The band is notorious for occasional discord and intrigue, stretching back to the group’s early years, when guitarist Brian Jones floundered in his attempt to take the band’s leadership as Jagger and Richards emerged as the Rolling Stones’ creative force. In later years, it became evident that Jagger and Richards no longer always saw eye to eye about the band’s purposes, and Richards’ legendary keenness for heroin and alcohol threatened to rout the band’s chances.

In 2010, Jagger and Richards’ relationship was strained to the brink when Richards published his acclaimed autobiography, Life. He said some brutal things about his friendship with Jagger, and about the singer’s personality, in Life‘s pages, and Jagger was hurt and angered. Richards, anticipating the arrival of the Stones’ 50th anniversary, later contacted the band’s members and said, “Hey, boys, I’m getting itchy. Anybody feel like it?” But Jagger wasn’t willing to shrug off Life‘s insults so easily.

The only prior times I’ve talked with Jagger and Richrds were in the late 1980s. This was more or less during the troubled halfway point in the band’s history, in between 1986’s truculent Dirty Work and 1989’s Steel Wheels. It was the period that Richards has described as “World War III” – a stretch when the band’s future was in question. When I met Richards in Manhattan in February 1986 to talk about Dirty Work, there were already reports that Jagger had decided the band would not support the album with a tour. Richards showed up at his publicist’s office with a half-gallon of Jack Daniel’s and drank tall glasses from it, one after another. (He didn’t seem any worse for the wear nearly two hours later.) He was trying to put the best face on matters and voiced praise for Jagger’s rendition of Bob and Earl’s 1963 R&B classic “Harlem Shuffle,” which was the current single. The guitarist also said that it was his hope to see how far the Rolling Stones could take their music, to see if they could age gracefully as a rock & roll fraternity. No other band had yet done it. It was as if he was uttering a prayer for the future.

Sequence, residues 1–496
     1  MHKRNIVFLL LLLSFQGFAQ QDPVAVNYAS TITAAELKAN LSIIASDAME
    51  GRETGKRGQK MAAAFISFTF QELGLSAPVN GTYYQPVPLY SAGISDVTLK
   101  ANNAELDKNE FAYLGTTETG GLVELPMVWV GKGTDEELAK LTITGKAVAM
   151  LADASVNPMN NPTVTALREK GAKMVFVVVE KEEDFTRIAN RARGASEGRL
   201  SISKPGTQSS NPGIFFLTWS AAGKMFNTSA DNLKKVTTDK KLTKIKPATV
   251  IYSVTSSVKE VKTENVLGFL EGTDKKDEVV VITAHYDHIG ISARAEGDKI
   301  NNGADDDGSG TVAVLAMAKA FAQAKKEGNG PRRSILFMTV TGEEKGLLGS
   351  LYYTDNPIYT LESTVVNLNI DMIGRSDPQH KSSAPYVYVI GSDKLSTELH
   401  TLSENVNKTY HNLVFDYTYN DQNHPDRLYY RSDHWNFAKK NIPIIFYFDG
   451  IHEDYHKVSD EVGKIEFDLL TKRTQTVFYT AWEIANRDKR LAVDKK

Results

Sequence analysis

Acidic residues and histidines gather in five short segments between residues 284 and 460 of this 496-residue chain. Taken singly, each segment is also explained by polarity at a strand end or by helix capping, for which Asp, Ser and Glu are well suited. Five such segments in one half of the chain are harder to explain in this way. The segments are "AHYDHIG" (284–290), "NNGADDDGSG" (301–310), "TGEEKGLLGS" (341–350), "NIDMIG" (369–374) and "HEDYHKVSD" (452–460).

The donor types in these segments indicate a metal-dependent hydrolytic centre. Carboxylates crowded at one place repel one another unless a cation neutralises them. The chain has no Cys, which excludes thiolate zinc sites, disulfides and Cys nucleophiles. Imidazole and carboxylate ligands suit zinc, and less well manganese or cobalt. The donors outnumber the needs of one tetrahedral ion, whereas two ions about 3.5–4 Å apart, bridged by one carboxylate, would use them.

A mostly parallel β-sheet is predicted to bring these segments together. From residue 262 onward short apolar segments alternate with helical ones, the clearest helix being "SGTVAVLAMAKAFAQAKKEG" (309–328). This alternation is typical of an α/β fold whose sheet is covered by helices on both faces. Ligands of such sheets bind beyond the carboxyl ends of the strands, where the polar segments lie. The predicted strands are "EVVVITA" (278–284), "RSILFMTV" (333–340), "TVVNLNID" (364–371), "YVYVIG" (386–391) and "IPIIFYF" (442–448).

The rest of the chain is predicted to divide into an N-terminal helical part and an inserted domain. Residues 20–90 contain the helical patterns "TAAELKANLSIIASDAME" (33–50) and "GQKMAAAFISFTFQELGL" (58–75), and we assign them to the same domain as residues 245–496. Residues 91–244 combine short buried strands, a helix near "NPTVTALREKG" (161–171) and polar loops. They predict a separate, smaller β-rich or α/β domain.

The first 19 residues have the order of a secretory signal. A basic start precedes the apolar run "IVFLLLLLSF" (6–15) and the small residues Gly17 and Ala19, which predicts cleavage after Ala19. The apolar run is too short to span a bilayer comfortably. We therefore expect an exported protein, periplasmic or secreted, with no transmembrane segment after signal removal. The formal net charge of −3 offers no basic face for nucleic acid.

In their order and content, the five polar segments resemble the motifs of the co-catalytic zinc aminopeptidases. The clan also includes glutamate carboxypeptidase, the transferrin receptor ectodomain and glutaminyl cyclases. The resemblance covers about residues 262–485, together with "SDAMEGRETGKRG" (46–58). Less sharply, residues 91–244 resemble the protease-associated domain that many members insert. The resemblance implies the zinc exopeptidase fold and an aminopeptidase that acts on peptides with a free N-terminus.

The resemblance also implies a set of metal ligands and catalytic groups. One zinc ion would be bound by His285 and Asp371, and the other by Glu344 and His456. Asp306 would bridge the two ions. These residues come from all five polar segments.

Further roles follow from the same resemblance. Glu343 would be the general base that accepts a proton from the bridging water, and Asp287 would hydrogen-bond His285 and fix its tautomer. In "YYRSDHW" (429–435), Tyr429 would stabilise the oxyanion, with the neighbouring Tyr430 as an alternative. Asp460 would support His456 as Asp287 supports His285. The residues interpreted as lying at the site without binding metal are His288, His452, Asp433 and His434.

Jagger wasn’t so sure. When I met him in London in the summer of 1987, he had already released his first solo album, She’s the Boss (1985), and was about to release another, Primitive Cool. By this time, the possibility of Jagger casting aside the Rolling Stones, or trying to exceed the band’s prominence with a solo career (as Michael Jackson had done, after leaving the Jacksons), openly infuriated Richards. There was also talk that Jagger was about to tour without the Rolling Stones, which Richards took as an insufferable affront, since he’d been hoping to put the band back on the road before much longer. “I really believed Mick wouldn’t dare tour without the Stones,” Richards later said. “It was too hard a slap in the face to deliver us. It was a death sentence.” (Jagger did tour briefly in Japan and Australia in the late 1980s, but not in the U.S. or U.K.)